How can social science and humanities skills lead to success in the job market?
Worried about translating your degree in social sciences or the humanities into a real-world job? Concordia student Maria Stawnichy may have a next-generation solution for you.
In her role as an administrative assistant at the Concordia Student Union Advocacy Centre, Stawnichy is used to helping students navigate the sometimes-overwhelming job market questions that await them after graduation.
She regularly counsels students who don’t know where to begin when thinking of a job after graduation. Some of the skills Stawnichy focuses on include those typically associated with the humanities and social sciences.
“I think one key element in the job market that’s often overlooked is emotional intelligence,” says Stawnichy, a third-year undergraduate student in the Human Relations Program in the Department of Applied Human Sciences.
“There are a lot of things being created due to new technology, but the one thing that can never be replaced is that human element,” she says, pointing to the task of negotiating a business contract as one example.
“To analyze — what is their need right now? What is my need? Can we compromise or collaborate on certain things? What’s the line that I won’t cross? What are their boundaries? All these things require emotional intelligence.”
A different kind of job symposium
University wasn’t always in the cards for Stawnichy, who instead wanted to tour the world. But after taking a year off to travel after high school, she applied to Concordia on a whim, which wound up being a life-changing move.
“Once I got to Concordia and experienced the hands-on learning, smaller classrooms and teachers with real-world experience beyond textbooks, I was so happy I made the decision,” she says.
Stawnichy recently took the skills she’s been learning in the classroom and put them to the test.
On October 5, 2018, she organized an all-day symposium called Essential Career Skills, designed to help students prepare for life after university.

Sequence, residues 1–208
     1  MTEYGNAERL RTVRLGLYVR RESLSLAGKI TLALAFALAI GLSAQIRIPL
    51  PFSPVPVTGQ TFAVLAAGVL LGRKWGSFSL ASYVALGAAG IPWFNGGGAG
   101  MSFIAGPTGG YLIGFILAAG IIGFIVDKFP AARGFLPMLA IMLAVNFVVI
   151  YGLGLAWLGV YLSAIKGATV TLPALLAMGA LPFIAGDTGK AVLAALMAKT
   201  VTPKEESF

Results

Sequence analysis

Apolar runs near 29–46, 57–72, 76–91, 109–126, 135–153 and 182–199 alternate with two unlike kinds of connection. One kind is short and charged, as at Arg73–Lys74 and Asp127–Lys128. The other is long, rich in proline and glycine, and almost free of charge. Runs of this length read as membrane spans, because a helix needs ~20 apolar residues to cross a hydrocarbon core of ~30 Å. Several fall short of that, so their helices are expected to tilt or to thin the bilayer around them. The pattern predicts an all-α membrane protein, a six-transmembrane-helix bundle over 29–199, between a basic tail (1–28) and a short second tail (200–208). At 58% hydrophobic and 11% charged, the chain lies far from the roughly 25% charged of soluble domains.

“I was jealous of all the career fairs at the John Molson School of Business,” she says. “So, one day, instead of complaining, I decided to do something about it.”
She began by conducting her research, putting together an interview template and approaching students around campus to learn which job skills mattered most to them. Three topics kept coming up — interviewing, career strategy and networking. Stawnichy built her event with those themes in mind.
“Networking is really important, and it’s something that people don’t always think of as accessible. You don’t need to go to a fancy cocktail event to advance your network. Look to the people who are already around you and who are interested in the work you do.”
Seminars offered during the symposium included tips on acing a job interview and ways to learn what recruiters and managers are looking for.
“The most challenging part of putting this event together was ensuring that students would leave feeling they could apply what they learned in the workshops. I wanted to ensure they would see tangible results,” Stawnichy explains.
Based on the feedback she received, she accomplished her goal.
“I heard from a student that this was the first career workshop he had been to that focused on the importance of interpersonal skills in the workplace, rather than just the technical skills. He said it was a really eye-opening experience for him, and I’m so glad.”
And Stawnichy has no plans to slow down.
“My goal is to get a job working at Concordia after I graduate. I like it so much here, I want to stick around!”
Find out more about Concordia’s Department of Applied Human Sciences.